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Telemedicine availability – an essential component for every voyage

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Dr Chris Henny

Telemedicine availability  – an essential component for every voyage

by Dr Chris Henny, Managing Director of  Maxess SPRL

Chris is well known to CIRM companies having been a valuable contributing member for many years at our meetings, workshops, the IMO and ITU etc.

Vital signs and health monitoring, using a Telemedicine system on a regular basis, easily work over all satellite and cellular systems , can help alleviate these problems, and can be a huge benefit both to crew themselves, and their companies, thus allowing for the provision of private, confidential sensible individualized advice to crew members.

By merely monitoring the five main life signs, (1. Temperature; 2. Bloodpressure; 3. Bloodsugar; 4. SpO2; 5. ECG.) plus some rapid tests like Troponin, or malaria and Dengue, early detection of problems can mean less expense and down time, fewer unnecessary vessel re-routings or helicopter evacuations both of which are expensive and dangerous.

Telemedical Kits and services are very easy to use, require minimal training and are potentially a new source of opportunity for equipment and service providers. They also take security and data privacy very seriously, and are certified ISO 27001, HIPAA & GDPR compliant.  The medical diagnostic devices used, are FDA and CE approved. Highly portable they come in a rugged pelican case or a soft carry bag. The kit is very small and light, stores easily and weighs only around 2.5Kgs.

A shipowner can connect the kit to any Telemedical Assistance Services, or even their own Company Doctors if desired. The Doctor’s interface to the tablet and electronic patient records, can be in any language and new languages are implementable in just a few days.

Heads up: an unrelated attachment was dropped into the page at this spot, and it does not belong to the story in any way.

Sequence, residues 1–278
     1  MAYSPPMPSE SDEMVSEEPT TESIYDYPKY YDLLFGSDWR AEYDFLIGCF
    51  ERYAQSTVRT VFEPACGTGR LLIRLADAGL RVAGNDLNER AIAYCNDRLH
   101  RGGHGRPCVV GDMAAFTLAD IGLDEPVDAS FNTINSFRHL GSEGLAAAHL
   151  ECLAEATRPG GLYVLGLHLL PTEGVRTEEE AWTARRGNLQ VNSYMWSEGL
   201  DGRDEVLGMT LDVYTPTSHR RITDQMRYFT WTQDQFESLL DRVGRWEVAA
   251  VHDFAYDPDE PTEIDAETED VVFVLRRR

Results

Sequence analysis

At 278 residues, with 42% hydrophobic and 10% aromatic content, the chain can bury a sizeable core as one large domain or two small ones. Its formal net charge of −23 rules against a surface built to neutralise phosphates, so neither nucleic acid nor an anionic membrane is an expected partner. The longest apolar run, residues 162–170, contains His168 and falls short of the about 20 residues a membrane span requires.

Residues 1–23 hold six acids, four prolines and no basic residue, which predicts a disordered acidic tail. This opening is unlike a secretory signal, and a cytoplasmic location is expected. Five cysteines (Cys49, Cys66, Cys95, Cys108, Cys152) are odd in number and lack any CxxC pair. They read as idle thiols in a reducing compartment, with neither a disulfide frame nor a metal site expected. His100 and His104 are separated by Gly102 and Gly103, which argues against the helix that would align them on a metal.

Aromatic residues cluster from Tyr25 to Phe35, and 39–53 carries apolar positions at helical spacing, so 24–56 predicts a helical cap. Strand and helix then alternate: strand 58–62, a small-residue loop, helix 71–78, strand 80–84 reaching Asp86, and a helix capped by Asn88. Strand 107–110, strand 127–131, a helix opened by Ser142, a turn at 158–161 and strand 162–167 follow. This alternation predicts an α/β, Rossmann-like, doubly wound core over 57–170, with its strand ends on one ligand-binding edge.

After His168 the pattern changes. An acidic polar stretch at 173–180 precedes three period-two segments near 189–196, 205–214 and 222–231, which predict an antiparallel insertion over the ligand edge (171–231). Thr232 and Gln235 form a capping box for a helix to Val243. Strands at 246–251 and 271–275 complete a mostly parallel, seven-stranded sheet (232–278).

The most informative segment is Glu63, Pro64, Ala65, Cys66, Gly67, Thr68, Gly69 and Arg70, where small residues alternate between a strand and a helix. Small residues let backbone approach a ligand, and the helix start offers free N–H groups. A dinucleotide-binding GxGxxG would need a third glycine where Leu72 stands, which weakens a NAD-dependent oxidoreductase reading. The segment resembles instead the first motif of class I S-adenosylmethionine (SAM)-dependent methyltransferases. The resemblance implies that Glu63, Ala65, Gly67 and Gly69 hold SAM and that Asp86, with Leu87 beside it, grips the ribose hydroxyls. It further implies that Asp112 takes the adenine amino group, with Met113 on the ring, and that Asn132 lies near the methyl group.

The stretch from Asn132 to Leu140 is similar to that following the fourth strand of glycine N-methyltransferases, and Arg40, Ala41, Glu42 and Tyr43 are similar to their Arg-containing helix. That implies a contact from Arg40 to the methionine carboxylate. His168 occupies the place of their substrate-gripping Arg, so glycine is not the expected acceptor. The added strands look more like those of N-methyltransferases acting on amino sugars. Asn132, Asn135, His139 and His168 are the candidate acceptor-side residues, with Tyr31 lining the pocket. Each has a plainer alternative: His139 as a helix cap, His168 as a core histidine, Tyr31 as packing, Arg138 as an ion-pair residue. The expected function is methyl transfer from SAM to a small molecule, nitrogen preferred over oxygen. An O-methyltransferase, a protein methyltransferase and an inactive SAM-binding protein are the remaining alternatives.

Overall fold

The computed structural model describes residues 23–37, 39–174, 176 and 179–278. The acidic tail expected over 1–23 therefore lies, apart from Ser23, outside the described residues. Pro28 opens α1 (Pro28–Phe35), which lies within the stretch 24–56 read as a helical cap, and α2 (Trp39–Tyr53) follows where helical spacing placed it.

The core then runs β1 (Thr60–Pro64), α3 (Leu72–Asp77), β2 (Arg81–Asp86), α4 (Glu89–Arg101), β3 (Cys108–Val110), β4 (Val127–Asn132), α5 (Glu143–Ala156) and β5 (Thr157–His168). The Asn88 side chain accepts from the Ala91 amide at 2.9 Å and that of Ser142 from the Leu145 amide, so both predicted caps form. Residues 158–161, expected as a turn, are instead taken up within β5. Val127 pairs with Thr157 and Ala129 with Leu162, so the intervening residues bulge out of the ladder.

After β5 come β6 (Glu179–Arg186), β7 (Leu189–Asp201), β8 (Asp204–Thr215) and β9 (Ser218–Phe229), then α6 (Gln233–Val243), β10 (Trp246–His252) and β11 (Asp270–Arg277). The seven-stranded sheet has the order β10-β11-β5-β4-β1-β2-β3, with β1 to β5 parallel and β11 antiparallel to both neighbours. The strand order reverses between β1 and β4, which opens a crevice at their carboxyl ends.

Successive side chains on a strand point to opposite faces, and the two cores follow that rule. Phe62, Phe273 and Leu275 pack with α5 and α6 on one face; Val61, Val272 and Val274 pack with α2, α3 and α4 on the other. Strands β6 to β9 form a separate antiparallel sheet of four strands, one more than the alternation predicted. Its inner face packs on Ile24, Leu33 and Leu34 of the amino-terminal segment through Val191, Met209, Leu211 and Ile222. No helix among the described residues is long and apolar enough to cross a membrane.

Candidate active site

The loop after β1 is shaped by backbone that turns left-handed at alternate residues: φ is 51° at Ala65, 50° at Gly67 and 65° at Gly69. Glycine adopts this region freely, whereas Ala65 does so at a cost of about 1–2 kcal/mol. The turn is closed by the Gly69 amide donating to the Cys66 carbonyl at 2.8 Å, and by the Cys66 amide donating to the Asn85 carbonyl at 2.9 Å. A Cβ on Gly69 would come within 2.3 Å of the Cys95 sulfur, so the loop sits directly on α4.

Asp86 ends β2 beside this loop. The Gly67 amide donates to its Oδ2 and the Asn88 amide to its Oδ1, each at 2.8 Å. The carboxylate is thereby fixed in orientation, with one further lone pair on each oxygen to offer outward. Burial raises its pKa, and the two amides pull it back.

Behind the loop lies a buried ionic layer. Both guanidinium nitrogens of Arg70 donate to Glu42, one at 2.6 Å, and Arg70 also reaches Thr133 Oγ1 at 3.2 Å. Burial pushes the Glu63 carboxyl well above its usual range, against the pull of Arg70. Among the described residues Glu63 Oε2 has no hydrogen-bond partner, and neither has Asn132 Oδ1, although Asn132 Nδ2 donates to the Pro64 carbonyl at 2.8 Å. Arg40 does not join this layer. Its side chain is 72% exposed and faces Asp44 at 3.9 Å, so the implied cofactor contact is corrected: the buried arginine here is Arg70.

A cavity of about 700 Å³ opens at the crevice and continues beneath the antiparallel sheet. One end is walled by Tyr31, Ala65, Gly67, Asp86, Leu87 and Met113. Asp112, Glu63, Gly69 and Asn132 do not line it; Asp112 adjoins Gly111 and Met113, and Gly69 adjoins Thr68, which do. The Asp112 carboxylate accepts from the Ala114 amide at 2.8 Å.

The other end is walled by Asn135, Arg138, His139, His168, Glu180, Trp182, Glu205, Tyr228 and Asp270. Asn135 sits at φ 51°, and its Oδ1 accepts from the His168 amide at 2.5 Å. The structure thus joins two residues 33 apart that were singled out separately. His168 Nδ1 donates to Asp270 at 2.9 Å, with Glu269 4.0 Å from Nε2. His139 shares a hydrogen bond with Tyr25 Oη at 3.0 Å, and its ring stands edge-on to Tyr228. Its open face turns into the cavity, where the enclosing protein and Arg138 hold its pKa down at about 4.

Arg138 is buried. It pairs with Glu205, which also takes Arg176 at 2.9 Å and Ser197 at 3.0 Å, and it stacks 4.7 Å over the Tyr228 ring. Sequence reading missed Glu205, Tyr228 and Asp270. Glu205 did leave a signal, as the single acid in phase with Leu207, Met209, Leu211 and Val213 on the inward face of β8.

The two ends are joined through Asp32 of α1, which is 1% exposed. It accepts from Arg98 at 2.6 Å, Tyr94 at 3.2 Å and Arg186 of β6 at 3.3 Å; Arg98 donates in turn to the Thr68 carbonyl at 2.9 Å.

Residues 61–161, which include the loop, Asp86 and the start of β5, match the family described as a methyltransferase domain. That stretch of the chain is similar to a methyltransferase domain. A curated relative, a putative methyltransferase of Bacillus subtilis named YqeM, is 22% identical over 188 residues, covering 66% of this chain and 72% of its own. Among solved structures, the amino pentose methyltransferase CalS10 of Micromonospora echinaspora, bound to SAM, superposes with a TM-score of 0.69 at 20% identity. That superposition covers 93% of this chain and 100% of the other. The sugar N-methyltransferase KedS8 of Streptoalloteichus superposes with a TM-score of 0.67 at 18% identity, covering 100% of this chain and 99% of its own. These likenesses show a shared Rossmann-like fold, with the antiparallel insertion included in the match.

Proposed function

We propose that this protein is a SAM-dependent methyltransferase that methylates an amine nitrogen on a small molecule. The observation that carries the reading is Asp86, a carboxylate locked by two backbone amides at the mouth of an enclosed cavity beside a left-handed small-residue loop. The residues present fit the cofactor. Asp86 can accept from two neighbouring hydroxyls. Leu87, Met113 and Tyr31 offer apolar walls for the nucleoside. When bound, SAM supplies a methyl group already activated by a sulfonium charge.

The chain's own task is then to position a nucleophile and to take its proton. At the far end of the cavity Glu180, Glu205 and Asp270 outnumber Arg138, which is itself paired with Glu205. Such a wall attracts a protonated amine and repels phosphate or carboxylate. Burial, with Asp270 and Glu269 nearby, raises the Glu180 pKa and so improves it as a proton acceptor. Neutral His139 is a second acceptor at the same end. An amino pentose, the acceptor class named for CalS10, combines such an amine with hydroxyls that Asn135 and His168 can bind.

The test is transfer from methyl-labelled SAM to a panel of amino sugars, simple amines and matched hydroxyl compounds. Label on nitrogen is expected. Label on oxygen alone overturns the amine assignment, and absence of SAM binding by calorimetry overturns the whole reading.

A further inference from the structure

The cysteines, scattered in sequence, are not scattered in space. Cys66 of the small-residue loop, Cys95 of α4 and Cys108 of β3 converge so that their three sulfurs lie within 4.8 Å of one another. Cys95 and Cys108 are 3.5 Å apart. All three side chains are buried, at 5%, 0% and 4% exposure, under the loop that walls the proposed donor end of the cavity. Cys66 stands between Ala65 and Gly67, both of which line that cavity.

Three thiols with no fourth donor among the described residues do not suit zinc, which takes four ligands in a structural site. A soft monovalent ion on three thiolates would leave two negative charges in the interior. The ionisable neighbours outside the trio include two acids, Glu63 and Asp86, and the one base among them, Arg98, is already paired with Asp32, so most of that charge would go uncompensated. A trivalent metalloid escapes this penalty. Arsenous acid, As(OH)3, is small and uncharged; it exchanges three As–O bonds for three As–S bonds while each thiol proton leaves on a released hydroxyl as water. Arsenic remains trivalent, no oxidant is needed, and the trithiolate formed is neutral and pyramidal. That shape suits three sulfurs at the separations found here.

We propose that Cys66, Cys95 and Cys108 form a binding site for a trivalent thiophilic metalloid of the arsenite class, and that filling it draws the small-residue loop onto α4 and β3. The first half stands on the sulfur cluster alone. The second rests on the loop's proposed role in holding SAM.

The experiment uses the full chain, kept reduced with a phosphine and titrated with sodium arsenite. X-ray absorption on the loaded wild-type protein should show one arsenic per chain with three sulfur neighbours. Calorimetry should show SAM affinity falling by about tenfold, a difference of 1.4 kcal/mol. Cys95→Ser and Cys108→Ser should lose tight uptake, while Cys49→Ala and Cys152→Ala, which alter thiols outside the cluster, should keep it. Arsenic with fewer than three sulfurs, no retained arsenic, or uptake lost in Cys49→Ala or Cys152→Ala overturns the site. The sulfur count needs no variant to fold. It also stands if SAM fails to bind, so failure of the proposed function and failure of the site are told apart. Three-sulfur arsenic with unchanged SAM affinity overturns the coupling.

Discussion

Currently available from several CIRM members, kits can cost as little as 3000 Euro.  One example is provided by e VITALZ www.evitalz.com.



The Current global pandemic has now highlighted, the medical impact on seafarers.  Cruise ships and Cargo ships crews are being held on their vessels off shore and have difficulty accessing medical services on shore. Today there are about 1.5 million seafarers, 65,000 vessels, and around 15 public/private TMAS, (Telemedical Maritime Assistance Services) which last year, assisted some 20,000 seafarers of which 2,000 were medevac’d. Some  80% of the seafarers that do get sick and that might need evacuation, are in fact not the result of communicable diseases, but rather  NCD (Non Communicable Disease) such as  Diabetes,  Heart disease, Stroke, and Obesity, in addition to accidents, Malaria, and Dengue. Now they cannot even access doctors on shore and they might not know the quality of the allocated doctor they can visit,  in an unknown land, who does not necessarily speak your language.

Seafarers face numerous problems at sea, which impact their health: Longer voyages and short port stays; extended anchorages, close proximity in confined spaces during a disease outbreak, diets are not always varied enough, exercise opportunities on board are limited, and some nationalities have a higher incidence of things like Obesity or Diabetes. They lack telehealth facility on board.